pleasure to serve on this panel. a couple of quick points. first just personally i've been struck by the heroism of individuals and organizations. i think nsf has served as not just a force on the ground but a conscience for the world. jim kim at the world bank has shown vision and leadership and generosity beyond what any of us could ask and many front-line health care workers in the affected countries have also shown extraordinary courage. we have seen incredible resilience from people in affected countries. there was a brief comment about w.h.o.. i think one of the many lessons to learn from this is that with relatively modest investments we can prepare most countries around the world to prevent to
prevent epidemics and manage those that they can prevent and we need to look carefully at moving quickly to do the things that are necessary to make that happen. >> we all learned if you meet someone on the street in a person greets you you often say in response, i fell down but i get up. i think our friends at sierra leone will pick themselves up after this but hopefully they will do it anyway with the support of friends from all over the world. >> i would like to conclude by thanking all the panelists for their valuable time especially during this. of crisis when there are so many demands on all of the responsibilities and the office for media me and others, taking the time to help inform our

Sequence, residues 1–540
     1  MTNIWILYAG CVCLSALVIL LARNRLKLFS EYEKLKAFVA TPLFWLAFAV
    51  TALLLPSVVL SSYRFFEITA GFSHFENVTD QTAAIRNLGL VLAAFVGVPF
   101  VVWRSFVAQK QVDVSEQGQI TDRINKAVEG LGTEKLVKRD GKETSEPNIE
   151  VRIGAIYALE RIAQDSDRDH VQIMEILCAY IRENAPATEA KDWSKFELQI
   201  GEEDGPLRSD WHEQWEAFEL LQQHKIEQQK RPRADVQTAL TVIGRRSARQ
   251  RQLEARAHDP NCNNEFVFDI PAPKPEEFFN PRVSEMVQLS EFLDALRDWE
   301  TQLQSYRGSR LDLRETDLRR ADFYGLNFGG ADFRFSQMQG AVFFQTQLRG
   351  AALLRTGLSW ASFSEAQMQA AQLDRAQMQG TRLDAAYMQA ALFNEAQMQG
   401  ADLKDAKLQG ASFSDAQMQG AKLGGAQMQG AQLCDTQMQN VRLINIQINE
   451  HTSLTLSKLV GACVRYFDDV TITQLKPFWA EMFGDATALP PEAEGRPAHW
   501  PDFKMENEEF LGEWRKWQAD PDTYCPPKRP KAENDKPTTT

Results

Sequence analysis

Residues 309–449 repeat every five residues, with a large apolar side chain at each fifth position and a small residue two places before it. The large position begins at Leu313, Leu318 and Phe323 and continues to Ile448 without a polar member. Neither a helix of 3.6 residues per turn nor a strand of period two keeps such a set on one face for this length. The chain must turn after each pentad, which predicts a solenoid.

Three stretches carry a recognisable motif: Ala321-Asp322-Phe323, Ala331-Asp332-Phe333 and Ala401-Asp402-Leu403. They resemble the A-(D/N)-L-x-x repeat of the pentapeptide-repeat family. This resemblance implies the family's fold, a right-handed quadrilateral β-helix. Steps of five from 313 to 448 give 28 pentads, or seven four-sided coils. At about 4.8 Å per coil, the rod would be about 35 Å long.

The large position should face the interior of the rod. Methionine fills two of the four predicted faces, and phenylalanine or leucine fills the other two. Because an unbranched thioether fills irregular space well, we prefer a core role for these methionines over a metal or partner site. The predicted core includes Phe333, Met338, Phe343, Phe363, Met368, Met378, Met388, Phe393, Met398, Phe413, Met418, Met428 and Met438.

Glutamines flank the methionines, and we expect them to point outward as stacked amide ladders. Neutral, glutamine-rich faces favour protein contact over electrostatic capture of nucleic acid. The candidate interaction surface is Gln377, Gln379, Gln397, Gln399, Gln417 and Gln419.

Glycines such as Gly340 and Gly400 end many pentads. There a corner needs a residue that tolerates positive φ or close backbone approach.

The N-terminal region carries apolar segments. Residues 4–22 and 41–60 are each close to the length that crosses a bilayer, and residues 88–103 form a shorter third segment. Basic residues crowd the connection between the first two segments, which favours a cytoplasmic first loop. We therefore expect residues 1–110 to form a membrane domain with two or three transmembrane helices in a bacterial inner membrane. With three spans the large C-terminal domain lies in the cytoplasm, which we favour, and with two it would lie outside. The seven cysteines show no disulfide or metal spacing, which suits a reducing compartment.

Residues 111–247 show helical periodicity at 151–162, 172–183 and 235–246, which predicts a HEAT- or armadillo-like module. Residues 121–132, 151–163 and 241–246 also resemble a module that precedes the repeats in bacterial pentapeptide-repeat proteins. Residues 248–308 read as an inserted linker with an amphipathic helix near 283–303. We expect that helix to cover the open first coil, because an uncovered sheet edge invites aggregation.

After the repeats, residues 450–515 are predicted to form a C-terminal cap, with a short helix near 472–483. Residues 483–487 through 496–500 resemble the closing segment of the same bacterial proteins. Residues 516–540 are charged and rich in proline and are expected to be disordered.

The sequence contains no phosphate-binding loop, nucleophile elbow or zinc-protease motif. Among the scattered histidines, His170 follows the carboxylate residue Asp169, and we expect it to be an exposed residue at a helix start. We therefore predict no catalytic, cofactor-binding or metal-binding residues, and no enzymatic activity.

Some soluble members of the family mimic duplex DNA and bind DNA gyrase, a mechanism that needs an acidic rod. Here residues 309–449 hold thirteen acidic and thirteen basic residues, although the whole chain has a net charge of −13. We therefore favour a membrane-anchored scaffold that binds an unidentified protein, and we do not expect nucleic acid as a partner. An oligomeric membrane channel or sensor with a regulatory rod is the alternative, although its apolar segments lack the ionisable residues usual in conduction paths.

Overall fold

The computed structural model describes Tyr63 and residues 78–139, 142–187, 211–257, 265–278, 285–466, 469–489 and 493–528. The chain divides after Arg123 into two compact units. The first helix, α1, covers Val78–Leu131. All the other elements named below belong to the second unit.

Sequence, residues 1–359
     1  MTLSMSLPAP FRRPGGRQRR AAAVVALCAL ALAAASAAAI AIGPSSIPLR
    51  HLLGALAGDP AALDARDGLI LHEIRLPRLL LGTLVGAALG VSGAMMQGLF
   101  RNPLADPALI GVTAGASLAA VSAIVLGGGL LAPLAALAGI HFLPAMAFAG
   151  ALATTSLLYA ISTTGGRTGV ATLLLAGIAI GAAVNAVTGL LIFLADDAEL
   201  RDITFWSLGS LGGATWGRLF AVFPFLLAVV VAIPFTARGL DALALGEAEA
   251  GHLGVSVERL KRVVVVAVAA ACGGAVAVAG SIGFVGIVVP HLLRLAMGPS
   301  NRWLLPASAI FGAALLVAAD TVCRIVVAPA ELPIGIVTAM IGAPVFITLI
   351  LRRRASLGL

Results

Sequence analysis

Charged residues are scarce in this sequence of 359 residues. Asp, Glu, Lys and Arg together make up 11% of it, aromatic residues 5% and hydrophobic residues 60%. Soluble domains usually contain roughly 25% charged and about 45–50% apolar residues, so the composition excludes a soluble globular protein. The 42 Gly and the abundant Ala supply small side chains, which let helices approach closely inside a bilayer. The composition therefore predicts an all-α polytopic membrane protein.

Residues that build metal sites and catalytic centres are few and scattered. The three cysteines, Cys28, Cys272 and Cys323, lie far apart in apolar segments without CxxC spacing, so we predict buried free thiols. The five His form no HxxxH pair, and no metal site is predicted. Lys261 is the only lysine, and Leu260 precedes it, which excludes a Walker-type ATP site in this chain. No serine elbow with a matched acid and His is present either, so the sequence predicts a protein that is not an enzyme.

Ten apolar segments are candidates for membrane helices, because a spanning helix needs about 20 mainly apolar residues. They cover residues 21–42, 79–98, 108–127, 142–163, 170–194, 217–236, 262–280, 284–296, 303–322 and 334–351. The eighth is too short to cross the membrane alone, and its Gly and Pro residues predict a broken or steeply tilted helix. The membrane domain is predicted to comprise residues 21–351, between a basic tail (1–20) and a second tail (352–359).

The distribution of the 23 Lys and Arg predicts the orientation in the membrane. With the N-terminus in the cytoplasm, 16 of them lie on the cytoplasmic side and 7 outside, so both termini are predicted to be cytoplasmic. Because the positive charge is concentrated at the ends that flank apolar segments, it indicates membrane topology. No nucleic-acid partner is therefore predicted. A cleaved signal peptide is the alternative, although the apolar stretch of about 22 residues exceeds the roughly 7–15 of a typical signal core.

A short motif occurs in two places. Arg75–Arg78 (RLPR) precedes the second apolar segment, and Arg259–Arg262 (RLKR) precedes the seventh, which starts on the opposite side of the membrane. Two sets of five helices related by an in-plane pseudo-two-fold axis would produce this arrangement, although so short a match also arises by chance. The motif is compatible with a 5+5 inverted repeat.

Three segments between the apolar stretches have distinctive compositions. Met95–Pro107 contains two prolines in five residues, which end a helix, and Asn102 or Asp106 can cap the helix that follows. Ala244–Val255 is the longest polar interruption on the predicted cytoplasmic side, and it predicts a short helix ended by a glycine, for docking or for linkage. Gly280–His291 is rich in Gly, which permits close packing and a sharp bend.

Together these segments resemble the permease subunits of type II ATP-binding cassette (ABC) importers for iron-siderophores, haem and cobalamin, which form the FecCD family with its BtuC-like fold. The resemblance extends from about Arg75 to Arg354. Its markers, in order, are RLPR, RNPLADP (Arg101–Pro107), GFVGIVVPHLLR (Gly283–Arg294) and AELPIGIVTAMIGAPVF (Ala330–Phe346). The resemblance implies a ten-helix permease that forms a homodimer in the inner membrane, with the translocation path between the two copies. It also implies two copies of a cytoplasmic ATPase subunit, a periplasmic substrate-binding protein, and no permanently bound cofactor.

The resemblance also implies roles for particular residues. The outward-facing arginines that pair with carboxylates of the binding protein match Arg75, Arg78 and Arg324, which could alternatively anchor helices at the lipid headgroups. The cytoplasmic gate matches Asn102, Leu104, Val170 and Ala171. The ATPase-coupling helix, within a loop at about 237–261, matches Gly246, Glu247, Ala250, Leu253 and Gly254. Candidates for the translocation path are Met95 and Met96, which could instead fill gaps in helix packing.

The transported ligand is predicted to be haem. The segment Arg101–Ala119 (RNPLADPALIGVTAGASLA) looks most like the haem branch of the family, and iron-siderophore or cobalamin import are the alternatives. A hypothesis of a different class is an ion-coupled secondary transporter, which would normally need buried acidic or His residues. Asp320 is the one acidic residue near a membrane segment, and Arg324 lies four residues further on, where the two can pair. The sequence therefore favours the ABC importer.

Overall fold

deliberations, our discussions here. i also saw a theme emerging. we were talking with panels about lessons learned or prospects. in many respects i can't promise when scheduling issues but i think we need to reconvene to talk about the longer-term impacts. the united states under the leadership of the president and others in the agencies represent an incredible as was the private sector incredibly generous and responding. what is good about us as americans we respond well and the sustainability of the long-term, not just the economic and health care for structure but i think the social fabric of these countries. i think there's a lot to do there and even the basic government shortfalls. the world bank came out a week ago with a percentage point they were shaving off economic growth in these countries and doing a
[applause] >> well good morning. it's my pleasure to welcome all of you to gadsden hall. i want to thank you for joining us this morning. for more than a century this hall has served as one of the most important places for public discourse and discussion here in washington and today we deepen that history as we come together to engage in conversation on the most pressing issues facing our global economy. to provide insights we are to have with us interim director of the international monetary -- christine lagarde. madam lagarde a steward of the imf during a period of great challenge in our global financial environment. she is here today to talk about a way forward. and in the world the imf is playing to promote financial